By Janee Law
There’s the everyday cut on her fingers, the occasional green hue that develops over her hands and there are no holiday breaks, but Ana Patricia Flores-Morales said the perks of being a florist outweigh the stresses of the sometimes demanding, physical job.
“With any type of work you have to love it, but with this especially you have to really love it. Otherwise, you’re not going to put up with it,” Morales, a florist with Flowerdale by Patty in Huntington Station for over 20 years, said.
After moving to the United States from Guatemala 27 years ago, Morales said she “fell in love with the business dealing with flowers” when she started working at Flowerdale in high school.
Morales, 39, of Huntington Station, had the 40-year-old shop passed down to her by previous owners in May 2014, and she’s owned it ever since.
Flowerdale, located at 1933 New York Ave. in Huntington Station, creates arrangements for weddings, funerals, quinceañeras, holidays and the everyday party.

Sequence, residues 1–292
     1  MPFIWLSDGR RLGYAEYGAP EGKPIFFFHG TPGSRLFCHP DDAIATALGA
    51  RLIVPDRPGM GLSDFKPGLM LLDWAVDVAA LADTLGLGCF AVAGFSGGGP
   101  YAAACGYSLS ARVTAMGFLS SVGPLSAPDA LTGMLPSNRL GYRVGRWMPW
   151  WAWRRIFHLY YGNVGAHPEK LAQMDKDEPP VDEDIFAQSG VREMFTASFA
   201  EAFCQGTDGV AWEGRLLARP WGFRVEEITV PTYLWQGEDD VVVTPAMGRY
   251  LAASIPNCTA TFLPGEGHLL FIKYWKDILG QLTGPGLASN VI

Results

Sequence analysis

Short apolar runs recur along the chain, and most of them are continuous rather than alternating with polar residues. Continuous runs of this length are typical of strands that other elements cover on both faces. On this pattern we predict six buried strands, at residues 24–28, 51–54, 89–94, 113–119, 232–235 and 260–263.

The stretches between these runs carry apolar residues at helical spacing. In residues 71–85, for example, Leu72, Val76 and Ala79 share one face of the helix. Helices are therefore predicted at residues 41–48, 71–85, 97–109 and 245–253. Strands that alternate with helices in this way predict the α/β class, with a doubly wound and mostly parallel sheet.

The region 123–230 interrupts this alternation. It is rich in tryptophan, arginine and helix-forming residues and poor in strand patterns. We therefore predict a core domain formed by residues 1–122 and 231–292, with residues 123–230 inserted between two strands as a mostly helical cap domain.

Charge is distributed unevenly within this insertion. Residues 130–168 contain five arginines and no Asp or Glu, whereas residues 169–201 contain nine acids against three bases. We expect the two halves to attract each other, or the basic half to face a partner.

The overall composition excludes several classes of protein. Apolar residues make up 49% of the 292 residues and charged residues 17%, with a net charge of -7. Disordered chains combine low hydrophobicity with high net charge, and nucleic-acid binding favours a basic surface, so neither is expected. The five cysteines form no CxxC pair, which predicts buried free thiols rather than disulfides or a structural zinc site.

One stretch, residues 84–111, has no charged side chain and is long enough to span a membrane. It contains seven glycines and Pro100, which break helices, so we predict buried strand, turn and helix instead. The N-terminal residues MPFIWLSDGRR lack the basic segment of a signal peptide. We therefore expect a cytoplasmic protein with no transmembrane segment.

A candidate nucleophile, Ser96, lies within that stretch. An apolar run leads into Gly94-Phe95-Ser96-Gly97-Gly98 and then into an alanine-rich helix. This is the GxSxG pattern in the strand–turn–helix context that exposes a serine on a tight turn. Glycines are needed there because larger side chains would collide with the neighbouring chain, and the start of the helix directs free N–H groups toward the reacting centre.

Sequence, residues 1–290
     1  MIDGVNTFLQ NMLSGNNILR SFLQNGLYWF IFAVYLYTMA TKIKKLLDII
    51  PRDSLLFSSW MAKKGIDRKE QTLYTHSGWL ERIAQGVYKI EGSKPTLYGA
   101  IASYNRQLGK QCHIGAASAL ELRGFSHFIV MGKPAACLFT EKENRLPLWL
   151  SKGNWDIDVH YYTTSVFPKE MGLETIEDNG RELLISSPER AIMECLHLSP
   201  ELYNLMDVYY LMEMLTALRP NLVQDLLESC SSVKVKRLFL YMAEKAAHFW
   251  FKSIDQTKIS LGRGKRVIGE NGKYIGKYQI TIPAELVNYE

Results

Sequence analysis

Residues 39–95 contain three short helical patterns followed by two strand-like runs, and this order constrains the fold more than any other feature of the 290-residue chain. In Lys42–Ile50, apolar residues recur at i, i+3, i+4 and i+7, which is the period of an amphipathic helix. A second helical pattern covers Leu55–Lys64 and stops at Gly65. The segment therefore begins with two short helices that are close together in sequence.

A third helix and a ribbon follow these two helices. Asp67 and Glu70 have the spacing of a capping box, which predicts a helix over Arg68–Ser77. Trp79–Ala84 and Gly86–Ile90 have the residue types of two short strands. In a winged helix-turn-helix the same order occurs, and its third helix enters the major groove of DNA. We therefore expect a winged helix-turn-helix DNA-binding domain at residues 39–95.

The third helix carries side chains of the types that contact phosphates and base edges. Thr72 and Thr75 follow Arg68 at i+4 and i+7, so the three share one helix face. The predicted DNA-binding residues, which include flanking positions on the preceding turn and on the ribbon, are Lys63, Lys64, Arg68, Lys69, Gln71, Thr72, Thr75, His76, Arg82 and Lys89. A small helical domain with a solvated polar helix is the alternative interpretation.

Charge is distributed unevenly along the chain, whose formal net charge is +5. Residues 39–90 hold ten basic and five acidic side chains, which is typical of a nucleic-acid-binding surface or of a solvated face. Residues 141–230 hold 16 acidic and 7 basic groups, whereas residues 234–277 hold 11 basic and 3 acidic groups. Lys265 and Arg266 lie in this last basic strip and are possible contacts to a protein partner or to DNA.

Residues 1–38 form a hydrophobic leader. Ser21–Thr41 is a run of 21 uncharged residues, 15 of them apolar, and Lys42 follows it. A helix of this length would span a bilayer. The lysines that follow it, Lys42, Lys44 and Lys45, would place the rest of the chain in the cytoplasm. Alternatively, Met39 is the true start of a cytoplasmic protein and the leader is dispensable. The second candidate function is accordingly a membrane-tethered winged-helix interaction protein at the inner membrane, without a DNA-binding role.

The shop offers a variety of flowers, such as tulips, gerberas, iris, hydrangeas, orchids, roses, and wax flowers. Arrangements, which are priced at a minimum of $50, include plants, gift baskets, silk pieces and balloons, creating an elegant lush style for any occasion. Flowerdale offers single roses for $5, and typically has cash and carry specials starting at $10.
Morales said Flowerdale provides free delivery for local online orders, and 15 percent off for local emergency responders.
As Valentine’s Day closes in, Morales will be stocking her shop with more than 1,000 roses, along with chocolates and stuffed animals. Flowerdale will also be donating flowers to several school districts throughout the Town of Huntington for the celebration of Black History Month.
“Other than the beauty of flowers, I do love dealing with people and seeing their reaction,” Morales said. “Whether it’s a funeral, the flowers will bring comfort to the family. If it’s a get well, it’ll cheer them up. Whatever it is, there is some emotion that it comes with when they receive the flowers. That’s why we put up with the crazy schedules.”
With that, Morales said the business deals more with “emotion” than it does flowers.
“We’re in the emotion business,” she said. “I know a lot of people, I know their stories and I’ve seen their kids grow up. We’re with them all through this crazy ride of life.”
Morales said she’s “very lucky” to have “wonderful, sweet customers.
“That’s the beauty of dealing with this, you get to know people and you get to know what goes on in their lives and you’re a part of it.”